1127 Celebrated worthily in faith, the sacraments confer the grace that they signify. They are efficacious because in them Christ himself is at work: it is he who baptizes, he who acts in his sacraments in order to communicate the grace that each sacrament signifies. The Father always hears the prayer of his Son’s Church which, in the epiclesis of each sacrament, expresses her faith in the power of the Spirit. As fire transforms into itself everything it touches, so the Holy Spirit transforms into the divine life whatever is subjected to his power.

            1128 This is the meaning of the Church’s affirmation that the sacraments act ex opere operato (literally: “by the very fact of the action’s being performed”), i.e., by virtue of the saving work of Christ, accomplished once for all. It follows that “the sacrament is not wrought by the righteousness of either the celebrant or the recipient, but by the power of God.” From the moment that a sacrament is celebrated in accordance with the intention of the Church, the power of Christ and his Spirit acts in and through it, independently of the personal holiness of the minister. Nevertheless, the fruits of the sacraments also depend on the disposition of the one who receives them.

          • LizEst

            Thank you Fr. JPS. God love you!

          • Patricia

            it is the action of the Holy Spirit through the words of the priest that makes Christ truly present in the Eucharist as objective reality, no matter what anyone believes. It is also the action of the Holy Spirit in the soul, through the grace of supernatural virtue of Faith, that enables the soul to desire to receive Him, to perceive Him as truly present within themselves with the “eyes of the heart”, to experience Him in an intimate, personal, encounter at the time of reception, and to give Him full permission to transform their soul as He desires through our participation and cooperation with His beautiful plan of remaining and abiding in our soul.

  • Pingback: Readings & Reflections with Cardinal Tagle’s Video: The Solemnity of the Most Holy Body and Blood of Christ A & Venerable Matt Talbot, June 18,2017 |

  • Marianne

    Excellent. Thank you. Bishop Barron also explains the Real Presence beautifully in one of his episodes of ‘Catholicism’. It is so sad that so many of our Catholic sisters and brothers don’t understand, believe in, or partake in this Heavenly food. Yes, let us pray for them and ask the Holy Spirit to change their hearts.

    • Joseph Hollcraft


  • marybernadette

    Tragically, there is a “Crises of Faith”in our Church. Of course, it has been going on for awhile as I remember reading about Pope St. John Paul’s trouble with “dissident theologians” and Pope Emeritus Benedict’s concern about the waves inside and outside of the ” boat”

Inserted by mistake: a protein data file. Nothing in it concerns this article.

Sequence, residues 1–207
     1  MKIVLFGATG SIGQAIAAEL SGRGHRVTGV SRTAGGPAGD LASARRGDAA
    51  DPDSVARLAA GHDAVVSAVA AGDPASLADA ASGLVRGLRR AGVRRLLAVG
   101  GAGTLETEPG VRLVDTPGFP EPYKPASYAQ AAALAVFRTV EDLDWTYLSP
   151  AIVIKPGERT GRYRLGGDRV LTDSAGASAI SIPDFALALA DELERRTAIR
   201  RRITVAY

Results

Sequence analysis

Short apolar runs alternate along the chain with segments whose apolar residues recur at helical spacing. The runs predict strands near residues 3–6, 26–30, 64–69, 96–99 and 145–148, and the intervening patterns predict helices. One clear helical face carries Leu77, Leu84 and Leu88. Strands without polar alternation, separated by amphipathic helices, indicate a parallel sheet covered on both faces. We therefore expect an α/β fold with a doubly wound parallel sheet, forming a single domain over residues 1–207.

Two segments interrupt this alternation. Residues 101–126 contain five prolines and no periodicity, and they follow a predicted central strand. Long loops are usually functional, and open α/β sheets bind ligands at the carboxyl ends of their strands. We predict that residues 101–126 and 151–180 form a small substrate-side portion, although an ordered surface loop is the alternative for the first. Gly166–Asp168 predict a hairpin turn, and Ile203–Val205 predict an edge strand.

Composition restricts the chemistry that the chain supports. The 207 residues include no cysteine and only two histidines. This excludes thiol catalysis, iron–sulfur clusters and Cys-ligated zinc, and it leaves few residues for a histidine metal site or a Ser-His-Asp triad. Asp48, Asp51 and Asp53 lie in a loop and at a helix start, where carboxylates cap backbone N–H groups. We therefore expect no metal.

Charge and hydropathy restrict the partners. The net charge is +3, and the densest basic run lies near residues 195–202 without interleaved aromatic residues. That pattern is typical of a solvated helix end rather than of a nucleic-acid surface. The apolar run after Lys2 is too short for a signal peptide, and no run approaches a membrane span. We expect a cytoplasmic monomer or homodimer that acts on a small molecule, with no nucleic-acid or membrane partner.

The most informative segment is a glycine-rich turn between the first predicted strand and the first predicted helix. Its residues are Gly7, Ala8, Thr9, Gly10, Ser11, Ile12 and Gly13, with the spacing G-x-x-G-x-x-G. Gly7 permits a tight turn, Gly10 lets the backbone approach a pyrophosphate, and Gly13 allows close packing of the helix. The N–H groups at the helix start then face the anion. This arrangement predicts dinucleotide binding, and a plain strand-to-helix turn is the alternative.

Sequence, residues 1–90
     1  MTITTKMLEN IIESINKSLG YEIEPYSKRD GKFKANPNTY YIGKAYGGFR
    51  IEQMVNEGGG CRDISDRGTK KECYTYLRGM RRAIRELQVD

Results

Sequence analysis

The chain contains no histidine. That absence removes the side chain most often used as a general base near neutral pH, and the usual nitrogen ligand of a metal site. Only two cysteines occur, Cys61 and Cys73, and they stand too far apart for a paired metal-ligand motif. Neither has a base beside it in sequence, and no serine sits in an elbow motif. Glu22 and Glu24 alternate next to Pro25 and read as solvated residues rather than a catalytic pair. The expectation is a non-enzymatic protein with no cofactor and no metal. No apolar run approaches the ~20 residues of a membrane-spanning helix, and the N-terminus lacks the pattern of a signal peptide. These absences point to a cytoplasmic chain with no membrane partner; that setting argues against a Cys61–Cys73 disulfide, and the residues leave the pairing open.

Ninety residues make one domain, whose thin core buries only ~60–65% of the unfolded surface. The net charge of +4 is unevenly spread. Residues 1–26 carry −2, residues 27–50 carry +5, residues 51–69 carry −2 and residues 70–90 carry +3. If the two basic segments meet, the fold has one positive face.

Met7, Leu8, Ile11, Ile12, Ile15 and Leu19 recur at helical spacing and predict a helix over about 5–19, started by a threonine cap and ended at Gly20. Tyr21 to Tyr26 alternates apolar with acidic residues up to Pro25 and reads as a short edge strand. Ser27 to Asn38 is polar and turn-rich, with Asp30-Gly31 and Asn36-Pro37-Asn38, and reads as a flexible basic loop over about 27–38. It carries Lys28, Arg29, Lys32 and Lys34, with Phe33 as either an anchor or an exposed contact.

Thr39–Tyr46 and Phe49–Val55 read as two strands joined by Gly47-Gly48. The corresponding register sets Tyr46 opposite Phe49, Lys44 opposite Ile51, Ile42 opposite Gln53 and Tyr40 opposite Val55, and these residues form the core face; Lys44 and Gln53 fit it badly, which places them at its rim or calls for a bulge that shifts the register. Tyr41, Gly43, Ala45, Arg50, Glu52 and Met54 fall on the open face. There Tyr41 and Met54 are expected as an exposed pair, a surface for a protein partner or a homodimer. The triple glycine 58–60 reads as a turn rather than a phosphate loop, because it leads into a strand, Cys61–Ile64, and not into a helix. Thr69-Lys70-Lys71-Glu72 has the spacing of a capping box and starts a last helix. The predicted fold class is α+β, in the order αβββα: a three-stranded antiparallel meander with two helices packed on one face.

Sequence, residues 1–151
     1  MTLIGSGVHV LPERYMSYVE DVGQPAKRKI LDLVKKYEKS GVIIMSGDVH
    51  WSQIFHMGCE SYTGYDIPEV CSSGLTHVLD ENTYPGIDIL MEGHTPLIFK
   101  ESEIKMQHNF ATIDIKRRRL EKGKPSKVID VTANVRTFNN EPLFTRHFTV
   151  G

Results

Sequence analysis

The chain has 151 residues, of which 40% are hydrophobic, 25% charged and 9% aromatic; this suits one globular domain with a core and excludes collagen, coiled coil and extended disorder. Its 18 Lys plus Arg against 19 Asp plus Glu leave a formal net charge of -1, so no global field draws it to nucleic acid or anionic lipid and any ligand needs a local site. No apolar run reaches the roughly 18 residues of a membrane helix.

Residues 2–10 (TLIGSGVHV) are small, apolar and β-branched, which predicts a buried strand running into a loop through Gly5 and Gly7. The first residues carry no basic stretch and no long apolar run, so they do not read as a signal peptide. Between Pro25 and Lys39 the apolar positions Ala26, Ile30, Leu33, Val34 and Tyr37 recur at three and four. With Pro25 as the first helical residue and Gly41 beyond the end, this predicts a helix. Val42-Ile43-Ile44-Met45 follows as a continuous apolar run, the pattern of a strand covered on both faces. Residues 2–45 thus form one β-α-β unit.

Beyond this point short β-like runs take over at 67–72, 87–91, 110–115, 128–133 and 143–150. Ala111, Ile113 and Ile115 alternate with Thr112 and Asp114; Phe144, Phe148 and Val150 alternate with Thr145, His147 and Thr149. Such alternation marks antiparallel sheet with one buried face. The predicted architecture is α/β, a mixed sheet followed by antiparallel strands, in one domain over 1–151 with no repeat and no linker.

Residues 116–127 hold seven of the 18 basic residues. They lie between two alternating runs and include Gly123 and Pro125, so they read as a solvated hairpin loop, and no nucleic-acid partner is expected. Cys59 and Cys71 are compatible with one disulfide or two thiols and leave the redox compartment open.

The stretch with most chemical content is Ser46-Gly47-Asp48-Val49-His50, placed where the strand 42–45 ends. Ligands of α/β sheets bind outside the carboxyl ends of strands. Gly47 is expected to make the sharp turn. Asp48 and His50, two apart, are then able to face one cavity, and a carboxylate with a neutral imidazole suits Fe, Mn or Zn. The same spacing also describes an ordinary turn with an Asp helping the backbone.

I don’t recall the exact words but something like that. Not long ago, I went to Confession and was shocked
    when the Priest told me that Jesus was
    only present “spiritually” in the Eucharist. He said something that gave me the impression there were the “enlightened” theologians today that believed this and did not believe in
    the”miracles” of the Host showing the “Heart” of Jesus. He understood I did believe and told me I could believe it if I wanted. I admit I did not know what to do about it except pray for him and others like him. Thank you Dr. Hollcraft
    I pray for the laity and esp. the Clergy who
    have lost “Faith” in the “Real Presence”
    will return to the “Truth.”


  • Fr. JPS

    Thank you for the nice reflection above that clearly explains the real presence in the Eucharist. I mentioned in my homily that if people understood the Eucharist, Catholic Churches would be packed every weekend. St. Jean Vianney said that if we truly understood the Mass, we would all die from joy. I mentioned some of the Eucharistic miracles yesterday along with explaining why the Eucharist is the source and summit of our faith as all of the other sacraments flow from it. It is a foretaste of heaven that gives us joy and spiritual food for the journey.

    • Joseph Hollcraft

      Father JPS,
      Thank you for the gift of your priesthood and love of the Eucharist. In reflecting upon St. John Vianney’s words, I am reminded of Blessed Imelda Lambertini who died of such joy and ecstasy. What an extraordinary example we have in our Catholic faith!